Montenegro FM: ‘Zero problem doctrine’ for the Western Balkans

Foreign Affairs Minister of Montenegro Đorđe Radulović (left). [Twitter/Ministry of Foreign Affairs of Montenegro]

Montenegro will be pursuing a “zero problem doctrine” with its neighbours, while EU accession remains its main priority, Djordje Radulović, the country’s new foreign minister, told EURACTIV in an exclusive interview only weeks after the EU hopeful saw its first democratic change of power in 30 years.

Radulović said Montenegro wants to implement a “zero problem doctrine” in the region of the Western Balkans but admitted that “from time to time it’s not the easiest task to be done.”

Under the previous government, Montenegro had tense relations with Serbia, which was even accused of having played a role in an alleged coup attempt in Podgorica in 2016.

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The new foreign minister, appointed by a fragmented new coalition that took over reigns from the Democratic Party of Socialists who had ruled the country for the last 30 years, described the Western Balkans as “a missing puzzle in one great jigsaw.”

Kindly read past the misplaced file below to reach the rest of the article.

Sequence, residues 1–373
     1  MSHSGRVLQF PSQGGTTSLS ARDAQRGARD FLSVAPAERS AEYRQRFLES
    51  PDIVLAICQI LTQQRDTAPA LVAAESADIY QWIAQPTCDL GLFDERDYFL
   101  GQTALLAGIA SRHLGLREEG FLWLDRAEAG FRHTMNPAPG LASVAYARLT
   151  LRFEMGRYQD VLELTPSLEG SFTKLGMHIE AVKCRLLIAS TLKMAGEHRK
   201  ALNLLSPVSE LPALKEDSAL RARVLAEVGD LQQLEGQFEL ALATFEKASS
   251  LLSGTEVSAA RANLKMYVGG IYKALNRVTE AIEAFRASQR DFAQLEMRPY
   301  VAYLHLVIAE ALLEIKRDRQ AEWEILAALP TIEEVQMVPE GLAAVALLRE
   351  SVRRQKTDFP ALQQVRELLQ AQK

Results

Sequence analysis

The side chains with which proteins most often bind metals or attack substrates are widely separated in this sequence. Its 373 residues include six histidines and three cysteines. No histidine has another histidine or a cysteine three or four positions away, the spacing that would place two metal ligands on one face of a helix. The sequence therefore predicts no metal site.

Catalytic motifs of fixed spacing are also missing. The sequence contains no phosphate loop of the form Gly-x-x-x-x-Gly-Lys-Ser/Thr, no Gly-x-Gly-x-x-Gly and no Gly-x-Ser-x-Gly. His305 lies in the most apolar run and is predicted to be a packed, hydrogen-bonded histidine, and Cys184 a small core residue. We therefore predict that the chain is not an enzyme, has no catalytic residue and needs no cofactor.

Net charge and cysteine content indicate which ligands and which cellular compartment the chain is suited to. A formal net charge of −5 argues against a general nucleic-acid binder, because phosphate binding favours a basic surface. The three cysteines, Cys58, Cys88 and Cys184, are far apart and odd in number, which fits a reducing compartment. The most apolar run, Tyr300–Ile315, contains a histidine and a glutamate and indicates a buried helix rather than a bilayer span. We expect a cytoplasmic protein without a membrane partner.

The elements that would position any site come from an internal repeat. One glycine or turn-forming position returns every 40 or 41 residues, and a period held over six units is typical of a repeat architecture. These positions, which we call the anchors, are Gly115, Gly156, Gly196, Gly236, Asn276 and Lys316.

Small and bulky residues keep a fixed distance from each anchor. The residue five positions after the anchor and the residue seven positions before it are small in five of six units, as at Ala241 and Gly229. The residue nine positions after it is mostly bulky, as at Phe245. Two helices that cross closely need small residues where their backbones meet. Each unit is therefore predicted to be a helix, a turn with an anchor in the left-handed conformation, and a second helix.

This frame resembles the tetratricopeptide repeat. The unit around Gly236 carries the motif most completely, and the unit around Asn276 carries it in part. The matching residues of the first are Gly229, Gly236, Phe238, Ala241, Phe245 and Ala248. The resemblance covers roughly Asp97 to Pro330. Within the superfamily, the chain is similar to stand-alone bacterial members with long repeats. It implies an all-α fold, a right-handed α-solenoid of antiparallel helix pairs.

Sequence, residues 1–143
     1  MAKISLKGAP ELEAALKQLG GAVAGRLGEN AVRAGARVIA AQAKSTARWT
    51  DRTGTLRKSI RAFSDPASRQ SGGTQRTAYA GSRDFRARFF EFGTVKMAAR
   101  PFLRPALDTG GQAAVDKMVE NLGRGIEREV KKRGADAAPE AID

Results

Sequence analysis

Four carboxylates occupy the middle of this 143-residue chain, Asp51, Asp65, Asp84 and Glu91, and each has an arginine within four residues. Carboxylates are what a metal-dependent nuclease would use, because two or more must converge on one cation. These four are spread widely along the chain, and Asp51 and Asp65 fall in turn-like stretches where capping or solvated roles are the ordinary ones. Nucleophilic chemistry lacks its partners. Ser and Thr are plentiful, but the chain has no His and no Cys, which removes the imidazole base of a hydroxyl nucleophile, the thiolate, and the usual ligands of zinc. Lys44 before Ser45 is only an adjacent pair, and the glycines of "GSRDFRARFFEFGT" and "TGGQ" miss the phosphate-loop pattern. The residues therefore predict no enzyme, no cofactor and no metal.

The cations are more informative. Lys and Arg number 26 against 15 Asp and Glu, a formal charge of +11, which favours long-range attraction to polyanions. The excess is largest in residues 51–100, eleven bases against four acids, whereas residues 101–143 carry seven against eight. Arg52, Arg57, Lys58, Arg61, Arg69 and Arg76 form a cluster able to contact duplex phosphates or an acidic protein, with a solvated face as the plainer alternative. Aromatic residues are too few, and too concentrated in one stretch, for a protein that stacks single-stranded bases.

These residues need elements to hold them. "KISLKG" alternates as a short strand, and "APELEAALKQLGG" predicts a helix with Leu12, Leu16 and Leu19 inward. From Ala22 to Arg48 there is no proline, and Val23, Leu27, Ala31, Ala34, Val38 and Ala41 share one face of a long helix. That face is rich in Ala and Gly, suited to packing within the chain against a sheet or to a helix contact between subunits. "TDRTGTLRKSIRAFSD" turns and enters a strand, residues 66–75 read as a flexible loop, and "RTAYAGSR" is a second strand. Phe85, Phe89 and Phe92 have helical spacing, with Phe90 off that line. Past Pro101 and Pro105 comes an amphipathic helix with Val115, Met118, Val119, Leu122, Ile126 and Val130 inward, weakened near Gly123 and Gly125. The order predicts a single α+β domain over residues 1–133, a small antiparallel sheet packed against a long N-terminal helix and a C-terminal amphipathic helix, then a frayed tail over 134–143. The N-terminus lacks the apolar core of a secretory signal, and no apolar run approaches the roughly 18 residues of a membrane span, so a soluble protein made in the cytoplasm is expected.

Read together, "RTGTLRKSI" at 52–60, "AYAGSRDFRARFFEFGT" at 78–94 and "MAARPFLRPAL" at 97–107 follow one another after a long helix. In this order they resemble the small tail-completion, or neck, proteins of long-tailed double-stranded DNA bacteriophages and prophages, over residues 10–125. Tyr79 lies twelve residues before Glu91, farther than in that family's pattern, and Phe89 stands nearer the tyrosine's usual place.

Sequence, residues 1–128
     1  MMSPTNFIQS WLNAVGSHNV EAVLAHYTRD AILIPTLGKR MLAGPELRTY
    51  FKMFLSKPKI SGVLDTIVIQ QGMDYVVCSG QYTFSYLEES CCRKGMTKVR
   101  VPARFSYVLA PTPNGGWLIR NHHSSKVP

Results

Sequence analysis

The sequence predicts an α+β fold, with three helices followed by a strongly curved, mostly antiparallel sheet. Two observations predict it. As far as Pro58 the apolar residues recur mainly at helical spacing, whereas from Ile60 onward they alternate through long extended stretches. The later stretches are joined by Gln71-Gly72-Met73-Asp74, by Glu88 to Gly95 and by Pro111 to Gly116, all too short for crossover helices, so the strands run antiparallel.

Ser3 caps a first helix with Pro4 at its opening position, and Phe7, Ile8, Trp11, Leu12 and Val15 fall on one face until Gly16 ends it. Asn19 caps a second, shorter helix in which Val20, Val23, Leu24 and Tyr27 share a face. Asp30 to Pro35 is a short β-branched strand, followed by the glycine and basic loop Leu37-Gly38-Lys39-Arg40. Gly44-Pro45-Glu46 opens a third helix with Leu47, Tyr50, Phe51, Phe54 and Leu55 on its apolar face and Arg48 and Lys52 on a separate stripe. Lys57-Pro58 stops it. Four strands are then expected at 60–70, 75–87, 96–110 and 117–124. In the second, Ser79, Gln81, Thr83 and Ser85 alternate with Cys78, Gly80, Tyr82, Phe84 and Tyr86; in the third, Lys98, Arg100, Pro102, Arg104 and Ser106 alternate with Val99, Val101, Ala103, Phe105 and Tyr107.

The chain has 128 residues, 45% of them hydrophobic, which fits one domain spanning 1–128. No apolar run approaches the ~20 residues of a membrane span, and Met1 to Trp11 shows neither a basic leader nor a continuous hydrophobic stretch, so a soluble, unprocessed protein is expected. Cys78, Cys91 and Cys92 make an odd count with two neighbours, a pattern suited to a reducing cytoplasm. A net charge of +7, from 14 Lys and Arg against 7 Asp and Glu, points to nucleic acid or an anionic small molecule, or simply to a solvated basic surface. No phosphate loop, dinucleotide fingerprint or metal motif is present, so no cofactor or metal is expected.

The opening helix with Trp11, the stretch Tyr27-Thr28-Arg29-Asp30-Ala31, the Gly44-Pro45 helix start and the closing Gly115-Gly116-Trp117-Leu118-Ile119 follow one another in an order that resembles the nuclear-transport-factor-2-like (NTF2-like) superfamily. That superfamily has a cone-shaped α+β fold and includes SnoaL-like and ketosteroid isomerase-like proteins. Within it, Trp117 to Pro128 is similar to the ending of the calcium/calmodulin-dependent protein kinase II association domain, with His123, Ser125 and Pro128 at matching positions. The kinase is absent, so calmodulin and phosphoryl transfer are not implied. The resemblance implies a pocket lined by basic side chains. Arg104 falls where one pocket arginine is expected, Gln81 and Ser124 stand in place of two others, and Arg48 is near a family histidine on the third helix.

“Without the Western Balkans, the EU as such isn’t going to be a whole,” he said.

At the same time, Podgorica has been consistently advocating for applying “regatta principles” of joining the bloc, admitting states first past the post.

No coupling of candidates

Even though Montenegro is the clear frontrunner of the accession race, it is frequently mentioned in the same breath with its big northwestern neighbour, Serbia, from which it seceded peacefully in a 2006 referendum.

“We don’t like any kind of coupling, … but in the same way, we would like to see all Western Balkan countries in the EU one day,” Radulović said.

Podgorica started accession talks with the EU in 2012 and has so far provisionally closed three out of the 35 so-called negotiation chapters.

“I believe, frankly speaking, that we could have done more, and we should have done better,”  Radulović told EURACTIV but emphasised that Montenegro is “not having any second thoughts”.

Almost 80% of the tiny Adriatic country’s 620,000 people support EU integration.